Chocolate Grinder Mix 85
Recently, I’ve realized that a lot of my favorite music involves the melding of experimental practices with traditional song craft and/or tonality. While I love both pop and experimental music on their own, their co-mingling can yield some of the most fascinating results and seems like the most logical move for both genres. As a result, songs often become formally deconstructed and/or through-composed, while experimental compositions become more formal and, in certain cases, tonally centered.
In recent decades, the cross pollination of these genres has really become much more readily apparent, and 2013 seems to be a particularly good year for music of this nature. When compiling these tracks, I realized that one could make a truly massive mix tape of tunes that exhibit these characteristics from this year alone. The tracks presented here are some of my personal favorites that tend to fall in the middle ground between the two genres, but a few lean slightly more toward the experimental (Wakesleep) and some toward the pop (Ashley Eriksson). Additionally, the mix was organized so that there’d be tonal and/or timbral relationships between each track.
Stream below, and subscribe to our podcast here.
[00:00] Ashley Paul - “Soak the Ocean”
[04:20] Bill Baird - “Spring Break of the Soul”
[11:59] Ashley Eriksson - “Mother Nature’s Promise”
[13:30] Howe Gelb - “Man on a String”
[18:32] Lee Noble - “Remind Me”
[24:50] Ryan Power - “Well on Your Way”
[31:41] Wakesleep - “Web Ice2”
[34:51] Baptist Generals - “Floating”
It’s been 207 days since we last posted about Ahnnu (for our Favorite 50 Albums of 2013 feature). But while he has been relatively quiet release-wise compared to last year — so far, he’s released a remix for a naps 7-inch and previewed a track from his footwork project Cakedog — he has a slew of new music coming soon, including projects/releases with Nerftoss, Wanda Group, Andrew Pekler, and Leaving Records. (❤❤❤!) In the meantime, Ahnnu took to SoundCloud to release “Kazu,” a new track that hints at the sonic territory he’s currently exploring. It’s still of the fuzzy, sample-based variety, but it’s concerned less with opulent beat tape head-nodders and textural fuckery, and more with repetition and the inconsistent intervals that throw the reliability of repetition into question. Have a listen:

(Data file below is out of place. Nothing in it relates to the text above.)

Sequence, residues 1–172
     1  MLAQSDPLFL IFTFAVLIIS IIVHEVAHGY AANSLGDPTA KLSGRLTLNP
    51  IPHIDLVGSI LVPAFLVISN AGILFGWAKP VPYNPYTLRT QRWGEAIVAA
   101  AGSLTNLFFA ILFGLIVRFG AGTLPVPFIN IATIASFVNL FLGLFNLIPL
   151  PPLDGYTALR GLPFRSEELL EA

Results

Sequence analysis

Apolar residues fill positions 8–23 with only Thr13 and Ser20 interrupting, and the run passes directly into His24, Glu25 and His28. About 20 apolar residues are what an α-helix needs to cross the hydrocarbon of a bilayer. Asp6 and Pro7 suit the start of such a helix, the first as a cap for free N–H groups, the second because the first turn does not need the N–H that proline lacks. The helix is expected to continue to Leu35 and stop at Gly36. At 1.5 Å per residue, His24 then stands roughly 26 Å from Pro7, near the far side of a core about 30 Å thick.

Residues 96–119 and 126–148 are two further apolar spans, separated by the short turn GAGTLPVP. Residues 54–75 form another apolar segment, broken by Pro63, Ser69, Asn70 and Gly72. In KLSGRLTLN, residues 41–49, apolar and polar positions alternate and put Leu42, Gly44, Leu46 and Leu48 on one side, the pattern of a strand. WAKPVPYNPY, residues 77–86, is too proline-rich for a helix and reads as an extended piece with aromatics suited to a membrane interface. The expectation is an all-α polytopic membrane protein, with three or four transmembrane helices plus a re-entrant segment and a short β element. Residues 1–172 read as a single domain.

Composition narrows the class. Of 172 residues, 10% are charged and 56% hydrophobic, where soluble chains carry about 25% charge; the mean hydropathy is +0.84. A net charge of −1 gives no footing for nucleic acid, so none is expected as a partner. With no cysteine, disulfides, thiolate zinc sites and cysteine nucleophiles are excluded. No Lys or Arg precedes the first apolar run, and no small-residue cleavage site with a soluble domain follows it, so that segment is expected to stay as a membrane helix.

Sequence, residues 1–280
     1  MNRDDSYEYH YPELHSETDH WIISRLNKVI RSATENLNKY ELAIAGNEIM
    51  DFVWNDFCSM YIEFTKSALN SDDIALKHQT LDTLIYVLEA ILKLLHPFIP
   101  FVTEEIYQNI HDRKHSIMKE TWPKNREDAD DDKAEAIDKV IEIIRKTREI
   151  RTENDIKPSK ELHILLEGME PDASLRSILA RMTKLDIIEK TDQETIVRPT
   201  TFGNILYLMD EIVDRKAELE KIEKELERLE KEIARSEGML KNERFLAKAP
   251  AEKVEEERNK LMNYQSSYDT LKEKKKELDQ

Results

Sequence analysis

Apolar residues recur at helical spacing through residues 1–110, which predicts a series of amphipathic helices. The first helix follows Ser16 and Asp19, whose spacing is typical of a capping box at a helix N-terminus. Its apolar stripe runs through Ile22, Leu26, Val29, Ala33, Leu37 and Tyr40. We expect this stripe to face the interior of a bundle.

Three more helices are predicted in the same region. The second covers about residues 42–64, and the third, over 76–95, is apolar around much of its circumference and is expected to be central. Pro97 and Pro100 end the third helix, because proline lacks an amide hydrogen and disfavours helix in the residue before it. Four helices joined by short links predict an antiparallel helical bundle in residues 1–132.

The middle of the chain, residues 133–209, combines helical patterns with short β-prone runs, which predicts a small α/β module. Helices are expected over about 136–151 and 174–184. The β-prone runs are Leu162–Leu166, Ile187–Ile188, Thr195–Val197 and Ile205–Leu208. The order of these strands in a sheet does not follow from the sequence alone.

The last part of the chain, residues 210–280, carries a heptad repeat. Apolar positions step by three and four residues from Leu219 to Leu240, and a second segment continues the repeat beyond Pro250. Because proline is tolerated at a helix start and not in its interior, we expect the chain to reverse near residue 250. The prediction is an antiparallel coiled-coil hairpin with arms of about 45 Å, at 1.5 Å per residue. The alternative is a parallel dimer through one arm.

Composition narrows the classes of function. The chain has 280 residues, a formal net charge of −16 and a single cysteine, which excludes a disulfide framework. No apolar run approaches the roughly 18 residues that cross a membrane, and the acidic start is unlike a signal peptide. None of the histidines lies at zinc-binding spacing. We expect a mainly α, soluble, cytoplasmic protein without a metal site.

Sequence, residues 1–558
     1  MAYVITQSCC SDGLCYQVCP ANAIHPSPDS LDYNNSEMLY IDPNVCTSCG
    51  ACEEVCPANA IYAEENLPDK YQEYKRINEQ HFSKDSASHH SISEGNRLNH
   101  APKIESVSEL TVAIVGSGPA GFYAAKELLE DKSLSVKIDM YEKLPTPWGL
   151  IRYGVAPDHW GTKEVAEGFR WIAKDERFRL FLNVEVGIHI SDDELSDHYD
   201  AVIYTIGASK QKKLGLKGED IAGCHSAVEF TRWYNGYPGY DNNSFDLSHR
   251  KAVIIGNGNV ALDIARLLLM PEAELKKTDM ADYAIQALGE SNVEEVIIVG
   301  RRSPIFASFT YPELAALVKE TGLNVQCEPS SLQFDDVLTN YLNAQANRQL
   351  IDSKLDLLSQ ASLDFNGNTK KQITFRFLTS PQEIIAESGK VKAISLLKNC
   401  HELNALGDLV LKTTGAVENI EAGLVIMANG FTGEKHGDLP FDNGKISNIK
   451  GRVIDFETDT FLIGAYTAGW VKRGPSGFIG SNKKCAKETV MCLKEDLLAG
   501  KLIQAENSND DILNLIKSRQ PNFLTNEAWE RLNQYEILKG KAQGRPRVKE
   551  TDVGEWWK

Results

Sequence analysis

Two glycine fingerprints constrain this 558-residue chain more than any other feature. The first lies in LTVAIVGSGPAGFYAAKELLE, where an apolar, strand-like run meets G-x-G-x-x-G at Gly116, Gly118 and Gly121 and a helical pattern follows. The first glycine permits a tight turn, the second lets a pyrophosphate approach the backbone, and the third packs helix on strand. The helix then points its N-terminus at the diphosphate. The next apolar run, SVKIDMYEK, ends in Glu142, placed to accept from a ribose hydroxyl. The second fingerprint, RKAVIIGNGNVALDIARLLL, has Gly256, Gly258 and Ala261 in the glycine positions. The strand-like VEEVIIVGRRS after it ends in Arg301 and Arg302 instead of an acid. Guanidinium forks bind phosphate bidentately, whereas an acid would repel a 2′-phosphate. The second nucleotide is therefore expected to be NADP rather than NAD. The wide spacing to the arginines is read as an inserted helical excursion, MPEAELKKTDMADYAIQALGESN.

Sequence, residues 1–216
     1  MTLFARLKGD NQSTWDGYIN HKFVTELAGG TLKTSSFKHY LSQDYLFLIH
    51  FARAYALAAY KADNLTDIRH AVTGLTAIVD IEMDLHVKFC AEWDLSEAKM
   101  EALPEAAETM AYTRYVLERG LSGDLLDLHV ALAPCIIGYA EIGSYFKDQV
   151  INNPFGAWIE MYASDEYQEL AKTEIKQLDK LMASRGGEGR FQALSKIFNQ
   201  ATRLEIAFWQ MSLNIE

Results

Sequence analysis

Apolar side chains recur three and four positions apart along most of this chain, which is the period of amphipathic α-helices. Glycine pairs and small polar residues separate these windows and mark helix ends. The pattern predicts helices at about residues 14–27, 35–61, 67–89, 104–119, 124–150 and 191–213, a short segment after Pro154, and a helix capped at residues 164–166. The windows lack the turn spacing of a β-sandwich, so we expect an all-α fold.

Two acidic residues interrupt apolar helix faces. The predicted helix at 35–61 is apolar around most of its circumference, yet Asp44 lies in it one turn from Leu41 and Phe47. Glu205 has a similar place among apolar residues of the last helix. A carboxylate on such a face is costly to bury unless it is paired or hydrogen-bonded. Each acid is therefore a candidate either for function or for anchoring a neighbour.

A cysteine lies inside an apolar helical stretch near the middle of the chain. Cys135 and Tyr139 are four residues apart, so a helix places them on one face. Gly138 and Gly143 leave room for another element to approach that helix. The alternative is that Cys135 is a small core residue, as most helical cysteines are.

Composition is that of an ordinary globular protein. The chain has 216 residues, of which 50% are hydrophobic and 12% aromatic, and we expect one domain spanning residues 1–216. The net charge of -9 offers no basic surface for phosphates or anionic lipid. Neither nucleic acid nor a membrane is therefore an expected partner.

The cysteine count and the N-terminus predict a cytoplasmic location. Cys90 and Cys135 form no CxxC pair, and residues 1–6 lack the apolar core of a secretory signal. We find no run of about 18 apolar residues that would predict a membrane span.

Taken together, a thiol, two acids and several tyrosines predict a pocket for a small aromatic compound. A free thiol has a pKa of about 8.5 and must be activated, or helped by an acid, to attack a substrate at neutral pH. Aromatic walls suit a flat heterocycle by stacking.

Cassettes coming soon!
• Ahnnu: http://www.dogtropic.net
Ariel Pink featuring Jorge Elbrecht
“Hang on to Life”
Ariel Pink and Jorge Elbrecht (of Violens/Lansing-Drieden) double team this jam, the A side from a collaborative 7-inch released on Mexican Summer. The lyrics, which implore us to “hang on to your life” and tell us that we’ve “screwed the pooch, now face it,” are what one imagines a person saying to himself/herself in the mirror at particularly bleak moments in life. Ariel on the phone with Jorge mid-song asking “She did what?” It’s a rhetorical question, of course, the answer either the cause or a contributing factor leading to this situation. Not quite the summer jam you were looking for from these guys? Stay indoors, out of the heat, and cry or something. And hang in there, Ariel; it’s gonna be a’ight. There’s other fish in the sea or something.